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The role of associative strength in children's false memory illusions

Research output: Contribution to Journal/MagazineJournal articlepeer-review

<mark>Journal publication date</mark>2009
Issue number1
Number of pages9
Pages (from-to)8-16
Publication StatusPublished
<mark>Original language</mark>English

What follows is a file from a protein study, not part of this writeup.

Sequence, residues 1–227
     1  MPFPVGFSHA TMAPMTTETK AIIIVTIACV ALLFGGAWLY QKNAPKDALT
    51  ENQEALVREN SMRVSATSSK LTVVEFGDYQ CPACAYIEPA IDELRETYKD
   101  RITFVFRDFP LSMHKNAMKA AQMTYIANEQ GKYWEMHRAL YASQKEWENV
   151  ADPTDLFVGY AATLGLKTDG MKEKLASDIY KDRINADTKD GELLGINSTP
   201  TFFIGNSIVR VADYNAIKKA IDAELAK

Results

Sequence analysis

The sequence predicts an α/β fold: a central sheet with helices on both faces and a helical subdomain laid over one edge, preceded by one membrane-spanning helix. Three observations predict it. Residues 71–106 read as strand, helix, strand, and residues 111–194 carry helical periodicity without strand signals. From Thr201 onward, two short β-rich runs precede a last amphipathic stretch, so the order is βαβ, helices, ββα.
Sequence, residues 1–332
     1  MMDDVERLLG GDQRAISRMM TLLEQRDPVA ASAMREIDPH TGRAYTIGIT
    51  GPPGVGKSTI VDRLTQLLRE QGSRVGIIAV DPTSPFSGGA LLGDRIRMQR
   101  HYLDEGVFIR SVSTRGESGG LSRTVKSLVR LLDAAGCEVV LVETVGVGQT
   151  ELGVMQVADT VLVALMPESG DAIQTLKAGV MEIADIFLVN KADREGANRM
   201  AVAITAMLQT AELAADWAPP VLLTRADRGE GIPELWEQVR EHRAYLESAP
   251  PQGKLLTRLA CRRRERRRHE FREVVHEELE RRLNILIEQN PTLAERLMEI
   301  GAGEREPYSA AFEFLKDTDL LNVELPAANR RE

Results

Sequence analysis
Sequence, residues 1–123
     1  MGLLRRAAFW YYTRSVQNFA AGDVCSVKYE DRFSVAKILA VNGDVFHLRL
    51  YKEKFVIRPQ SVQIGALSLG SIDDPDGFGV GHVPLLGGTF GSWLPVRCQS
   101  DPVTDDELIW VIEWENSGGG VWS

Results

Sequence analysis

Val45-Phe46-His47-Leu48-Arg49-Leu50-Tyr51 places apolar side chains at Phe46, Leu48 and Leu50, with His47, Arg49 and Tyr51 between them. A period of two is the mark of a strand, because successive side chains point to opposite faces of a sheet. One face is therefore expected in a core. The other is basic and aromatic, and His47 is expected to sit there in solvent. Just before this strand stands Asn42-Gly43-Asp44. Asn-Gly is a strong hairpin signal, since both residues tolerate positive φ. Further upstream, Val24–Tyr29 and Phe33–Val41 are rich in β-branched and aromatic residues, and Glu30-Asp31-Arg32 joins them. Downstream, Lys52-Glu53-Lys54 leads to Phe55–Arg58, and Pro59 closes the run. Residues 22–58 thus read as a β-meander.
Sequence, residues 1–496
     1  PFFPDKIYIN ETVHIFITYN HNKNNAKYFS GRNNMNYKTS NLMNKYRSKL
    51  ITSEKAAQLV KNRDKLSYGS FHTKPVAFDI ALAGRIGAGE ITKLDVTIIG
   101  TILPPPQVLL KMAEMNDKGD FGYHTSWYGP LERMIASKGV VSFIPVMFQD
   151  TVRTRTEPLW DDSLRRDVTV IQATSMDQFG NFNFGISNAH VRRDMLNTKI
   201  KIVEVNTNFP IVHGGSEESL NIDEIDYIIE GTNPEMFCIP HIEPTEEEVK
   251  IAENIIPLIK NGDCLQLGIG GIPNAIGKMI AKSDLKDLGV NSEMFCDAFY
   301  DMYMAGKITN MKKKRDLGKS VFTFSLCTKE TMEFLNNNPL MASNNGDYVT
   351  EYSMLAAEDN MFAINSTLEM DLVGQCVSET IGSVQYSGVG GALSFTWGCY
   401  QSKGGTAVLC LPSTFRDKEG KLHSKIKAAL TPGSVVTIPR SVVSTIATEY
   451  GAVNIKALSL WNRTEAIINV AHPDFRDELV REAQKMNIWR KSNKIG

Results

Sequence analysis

The effects of associative strength on rates of 7- and 11-year-old children's true and false memories were examined when category and Deese-Roediger-McDermott (DRM) lists were used to cue the same critical lure. Backward associative strength (BAS) was varied such that the category and DRM lists had the same strength (DRM=category), DRM lists had more BAS (DRMcategory), or category lists had more BAS (DRMcategory). If BAS drives children's false memories then BAS, not the type of relation across items in a list, should determine false memory production. The results confirmed this prediction using both recall and recognition measures: (1) both true and false memories increased with age, (2) true memory was better for category than DRM lists but there were no differences for false memory, and (3) at all ages, false memories varied predictably with changes in BAS but were unaffected by list-type manipulations. These findings are discussed in the context of models of false memory development.